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mock draft
NFL Draft

Mocking The Mock Draft: Best, Worst Picks From Weissman 2.0

  • Jack McKessy
  • October 5, 2022
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We’re one month into the 2022 NFL season, which has given us all just enough context on where each team stands to completely overreact, right? In all seriousness, there have been tons of fun games through just four weeks of the season already, and it’s going to be super fun to see how everything plays out. Most teams aren’t truly out of it yet, but for those of you (like me) who know your team’s 3-1 or 2-2 start is more fraudulent than not, it’s a great time to keep an eye on next year’s NFL draft and any mock draft action. 

Brentley Weissman did a nice job putting a bunch of the top players in the coming class, well-known or not, in his 2023 NFL Mock Draft 2.0, so let’s break it all down.

Favorite Pick: Darnell Washington TE, Cincinnati Bengals (No. 22 overall)

I love that there was no subscribing to the idea that the Bengals need to further upgrade their offensive line. The Draft Dudes covered the topic recently, but a lot of the sacks quarterback Joe Burrow has taken this year are more his fault than his offensive line’s.

Washington has plenty of upside as a pass-catcher being such a natural mismatch with his 6-foot-7, 265-pound frame and good speed. But don’t sleep on the more underrated part of his game: that he’s a capable and willing blocker in the run game. With Washington, the Bengals would not only get an extra pass-catching weapon and red zone target at tight end but something of an extra offensive lineman when they want to get the run game going. This is a great pick that fills a couple of needs with a single player.

Biggest Question Mark: Anthony Richardson QB, New York Giants (No. 10 overall)

This is my biggest question mark for a couple of reasons. For one, I follow the Giants closely and I don’t love the idea of New York taking a quarterback if he isn’t one of the top two or three guys in the class. As of right now, that means any quarterback whose name isn’t Bryce Young, C.J. Stroud, or Will Levis. If all three of them are off the board by the time the Giants are picking, I’d much rather see them bolster other positions on the roster, specifically linebacker, cornerback, or interior offensive line.

Another reason this is a big question for me is the fact that Richardson’s outlook as a quarterback prospect has diminished significantly over the last couple of weeks, raising some doubt as to whether he’ll even declare for next year’s draft. He is still very, very raw, and betting on tools or not, it’s hard for me to get around the idea of taking someone so unprepared for the NFL in the top 10. Come back to me in a year after Richardson’s got himself more collegiate reps, and I’ll no doubt be ecstatic about this selection.

Best Scheme Fit: Peter Skoronski OT, Dallas Cowboys (No. 19 overall)

Several of the last few editions of our Mocking the Mock series (including one of my own) have fawned over the fits of certain college running backs with certain NFL teams, so as much as I love Texas running back Bijan Robinson going to the Eagles, I felt the need to mix things up a bit.

Skoronski is a great pick for the Cowboys here both because of their need for some offensive line upgrades and his versatility. Dallas’ current O-line features a rookie left tackle, Tyler Smith, stepping in for a very talented but injured veteran in Tyron Smith and a guard, Connor McGovern, who will be a free agent in the offseason. As Weissman mentioned in his mock draft, Skoronski could play either tackle or guard, meaning he’d slide in next to (Tyler) Smith in next year’s front five and give the Cowboys the extra boost they’re looking for up front.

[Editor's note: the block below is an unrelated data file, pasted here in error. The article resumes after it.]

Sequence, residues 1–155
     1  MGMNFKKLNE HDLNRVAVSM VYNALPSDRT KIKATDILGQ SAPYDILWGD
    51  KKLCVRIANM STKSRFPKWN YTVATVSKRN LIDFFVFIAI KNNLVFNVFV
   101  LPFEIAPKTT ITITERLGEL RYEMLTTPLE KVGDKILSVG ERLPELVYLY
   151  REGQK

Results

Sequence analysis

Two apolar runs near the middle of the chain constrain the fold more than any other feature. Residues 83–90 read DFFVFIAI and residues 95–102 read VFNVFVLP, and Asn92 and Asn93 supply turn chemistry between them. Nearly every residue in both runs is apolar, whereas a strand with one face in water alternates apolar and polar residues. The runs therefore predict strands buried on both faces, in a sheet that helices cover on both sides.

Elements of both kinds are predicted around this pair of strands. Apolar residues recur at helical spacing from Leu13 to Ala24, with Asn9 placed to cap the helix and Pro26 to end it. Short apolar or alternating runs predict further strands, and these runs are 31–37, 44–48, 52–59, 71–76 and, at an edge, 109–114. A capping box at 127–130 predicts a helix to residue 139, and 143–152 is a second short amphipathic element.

Best Value: Broderick Jones OT, Indianapolis Colts (No. 18 overall)

Jones is the third tackle off the board here and what a fantastic value the Colts get with him falling to No. 18. The Georgia product very well could end up being the best tackle in the class and the first one off the board when the real thing rolls around next April. He’s got a great build and moves well at his size, which is great for his blocking skills against twists and stunts. 

It’s also worth noting that he played well against Alabama edge rusher Will Anderson Jr. in last year’s National Championship game. Anderson is not only our top player in the TDN 100 but also the first pick in this mock draft, heading to the divisional-rival Texans. Jones would provide the Colts with a needed upgrade at left tackle and getting him so late in the first round is fantastic value.

Best Players Not Selected In Mock Draft: Jahmyr Gibbs, RB, Alabama; Cameron Ward, QB, Washington State

Gibbs: Gibbs transferred to Alabama ahead of the 2022 season and his draft stock has appropriately skyrocketed after some strong showings already this year. He’s speedy, he’s got great vision, and he can power through contact when he has to. Gibbs also has tons of upside in the passing game and is able to run routes—both short and over the middle plus deep and downfield—out of both the backfield and the slot.

Ward: Ward, like Richardson, is another raw quarterback prospect. In fact, he only started playing football at the FBS level this year after transferring to Washington State from FCS program Incarnate Word. But man, the stuff he has as far as ball-handling, arm talent, and ability to keep plays alive is genuinely unbelievable. It’s unclear so far whether he’ll really declare for this year’s draft with so few reps against FBS competition, but if he does, he already has made a good case for himself as a top-four quarterback prospect in his draft class.

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Jack McKessy